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Flowing Wells in Michigan, 1974

By: W.B. Allen


Flowing wells yielding fresh water occur in both the glacial drift and the bedrock in Michigan. Most known flowing wells are in the Lower Peninsula because the greater population in that part of the State has led to more frequent drilling. A comparison of flowing-well areas in 1900 with those in 1970 shows a probable decline in head in the glacial drift and the Marshall and Saginaw bedrock formations in the central and southern parts of the Lower Peninsula. Wells having the greatest reported flows are the Marshall and Saginaw Formations; wells having the greatest heads are from the Cambrian, Ordovician, and Silurian rock units. Flowing wells in Michigan are largely used for domestic water supplies, although a few are used for municipal and industrial supplies. In general, water from most flowing wells is suitable for domestic use; however, high iron, chloride, and hardness impair water quaity at some locations. (Woodard-USGS)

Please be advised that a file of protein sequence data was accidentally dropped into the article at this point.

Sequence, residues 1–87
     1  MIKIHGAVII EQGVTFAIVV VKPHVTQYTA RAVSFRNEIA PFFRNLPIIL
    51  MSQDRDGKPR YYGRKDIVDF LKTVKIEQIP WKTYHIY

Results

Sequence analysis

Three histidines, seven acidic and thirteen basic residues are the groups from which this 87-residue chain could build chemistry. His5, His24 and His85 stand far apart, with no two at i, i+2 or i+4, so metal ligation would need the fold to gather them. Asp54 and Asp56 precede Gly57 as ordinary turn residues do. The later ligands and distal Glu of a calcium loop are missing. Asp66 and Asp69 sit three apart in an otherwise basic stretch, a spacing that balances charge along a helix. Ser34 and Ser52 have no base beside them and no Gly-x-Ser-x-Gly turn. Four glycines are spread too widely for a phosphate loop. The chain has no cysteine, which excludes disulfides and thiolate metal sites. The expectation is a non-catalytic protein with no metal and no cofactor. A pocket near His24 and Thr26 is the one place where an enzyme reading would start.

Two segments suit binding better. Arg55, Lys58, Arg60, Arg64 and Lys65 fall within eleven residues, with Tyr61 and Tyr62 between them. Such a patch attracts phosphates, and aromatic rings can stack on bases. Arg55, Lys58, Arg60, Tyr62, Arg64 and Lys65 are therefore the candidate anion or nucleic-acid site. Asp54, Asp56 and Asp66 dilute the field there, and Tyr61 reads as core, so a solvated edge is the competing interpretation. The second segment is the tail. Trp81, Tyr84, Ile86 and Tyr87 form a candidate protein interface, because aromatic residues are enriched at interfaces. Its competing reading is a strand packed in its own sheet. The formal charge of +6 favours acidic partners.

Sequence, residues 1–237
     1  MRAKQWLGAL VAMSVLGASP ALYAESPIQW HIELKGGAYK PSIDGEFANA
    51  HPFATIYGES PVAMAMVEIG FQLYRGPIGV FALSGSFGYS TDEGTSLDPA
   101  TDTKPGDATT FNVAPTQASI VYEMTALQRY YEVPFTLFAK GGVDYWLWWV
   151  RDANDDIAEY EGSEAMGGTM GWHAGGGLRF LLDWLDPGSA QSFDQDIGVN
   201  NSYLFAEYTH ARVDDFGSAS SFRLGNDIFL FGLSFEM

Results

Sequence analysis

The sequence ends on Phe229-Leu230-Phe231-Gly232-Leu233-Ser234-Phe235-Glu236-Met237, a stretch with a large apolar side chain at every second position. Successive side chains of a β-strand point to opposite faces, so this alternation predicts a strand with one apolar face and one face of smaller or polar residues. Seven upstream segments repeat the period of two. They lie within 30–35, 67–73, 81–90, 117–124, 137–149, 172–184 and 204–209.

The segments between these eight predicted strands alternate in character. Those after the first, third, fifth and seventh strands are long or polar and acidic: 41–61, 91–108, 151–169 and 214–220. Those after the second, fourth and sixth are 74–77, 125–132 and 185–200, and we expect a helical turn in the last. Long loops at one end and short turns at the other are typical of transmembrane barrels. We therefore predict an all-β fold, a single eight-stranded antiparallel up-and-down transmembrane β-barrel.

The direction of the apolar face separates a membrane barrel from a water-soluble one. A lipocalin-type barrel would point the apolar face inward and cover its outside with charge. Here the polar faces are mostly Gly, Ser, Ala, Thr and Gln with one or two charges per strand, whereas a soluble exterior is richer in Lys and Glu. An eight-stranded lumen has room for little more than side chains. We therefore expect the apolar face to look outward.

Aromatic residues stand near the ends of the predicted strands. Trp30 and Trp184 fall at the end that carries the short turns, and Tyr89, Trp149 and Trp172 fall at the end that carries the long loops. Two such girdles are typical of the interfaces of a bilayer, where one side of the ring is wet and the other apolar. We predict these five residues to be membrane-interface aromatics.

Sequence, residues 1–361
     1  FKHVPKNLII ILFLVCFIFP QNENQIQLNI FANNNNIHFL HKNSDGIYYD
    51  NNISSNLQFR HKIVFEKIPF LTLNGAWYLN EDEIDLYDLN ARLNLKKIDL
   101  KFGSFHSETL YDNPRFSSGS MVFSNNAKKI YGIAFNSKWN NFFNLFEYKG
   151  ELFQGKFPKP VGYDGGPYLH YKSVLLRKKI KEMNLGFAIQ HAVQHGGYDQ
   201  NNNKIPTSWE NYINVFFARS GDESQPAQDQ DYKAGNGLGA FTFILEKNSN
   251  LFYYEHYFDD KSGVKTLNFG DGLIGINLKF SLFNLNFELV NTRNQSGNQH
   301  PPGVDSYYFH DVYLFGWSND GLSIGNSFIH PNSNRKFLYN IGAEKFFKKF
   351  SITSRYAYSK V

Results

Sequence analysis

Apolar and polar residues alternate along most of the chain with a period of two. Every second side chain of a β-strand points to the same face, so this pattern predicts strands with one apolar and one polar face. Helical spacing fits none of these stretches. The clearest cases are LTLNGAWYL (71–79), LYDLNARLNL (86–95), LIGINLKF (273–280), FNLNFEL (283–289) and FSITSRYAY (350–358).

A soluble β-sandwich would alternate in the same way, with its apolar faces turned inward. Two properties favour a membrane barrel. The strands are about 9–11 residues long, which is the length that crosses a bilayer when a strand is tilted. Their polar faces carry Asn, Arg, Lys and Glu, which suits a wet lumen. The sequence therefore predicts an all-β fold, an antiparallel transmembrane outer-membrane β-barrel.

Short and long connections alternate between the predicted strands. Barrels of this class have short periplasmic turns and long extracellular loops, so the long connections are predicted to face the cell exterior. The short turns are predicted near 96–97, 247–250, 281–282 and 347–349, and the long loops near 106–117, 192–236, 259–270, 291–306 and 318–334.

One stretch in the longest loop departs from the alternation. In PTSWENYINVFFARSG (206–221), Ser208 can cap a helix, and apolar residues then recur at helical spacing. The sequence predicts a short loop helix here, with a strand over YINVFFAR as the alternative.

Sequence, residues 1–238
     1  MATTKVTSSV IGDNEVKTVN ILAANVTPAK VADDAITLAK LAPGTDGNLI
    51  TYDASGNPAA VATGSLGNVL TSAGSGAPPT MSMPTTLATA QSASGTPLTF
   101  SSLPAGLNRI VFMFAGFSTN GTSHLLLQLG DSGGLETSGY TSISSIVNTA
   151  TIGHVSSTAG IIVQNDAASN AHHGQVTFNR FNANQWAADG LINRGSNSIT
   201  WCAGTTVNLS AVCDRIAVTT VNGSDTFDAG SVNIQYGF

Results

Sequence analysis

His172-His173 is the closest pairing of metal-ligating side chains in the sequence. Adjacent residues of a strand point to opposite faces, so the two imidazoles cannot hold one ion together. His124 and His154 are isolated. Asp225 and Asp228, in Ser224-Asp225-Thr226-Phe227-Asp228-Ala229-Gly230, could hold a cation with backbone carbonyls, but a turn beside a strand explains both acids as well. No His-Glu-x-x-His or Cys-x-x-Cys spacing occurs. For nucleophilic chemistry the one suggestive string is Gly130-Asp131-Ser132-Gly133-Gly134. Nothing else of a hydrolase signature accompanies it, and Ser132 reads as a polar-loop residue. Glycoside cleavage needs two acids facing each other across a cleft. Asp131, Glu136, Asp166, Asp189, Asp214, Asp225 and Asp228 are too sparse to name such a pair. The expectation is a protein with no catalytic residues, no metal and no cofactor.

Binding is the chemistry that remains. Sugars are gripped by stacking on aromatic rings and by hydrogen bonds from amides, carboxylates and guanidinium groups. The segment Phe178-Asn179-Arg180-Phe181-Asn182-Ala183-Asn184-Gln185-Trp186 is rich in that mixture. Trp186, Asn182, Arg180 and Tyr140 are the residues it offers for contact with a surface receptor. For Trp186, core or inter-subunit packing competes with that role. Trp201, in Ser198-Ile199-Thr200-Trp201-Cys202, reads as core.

Allen, W.B., 1977, Flowing wells in Michigan, 1974: Michigan Geological Survey Water Information Series Report 2, 27 p.

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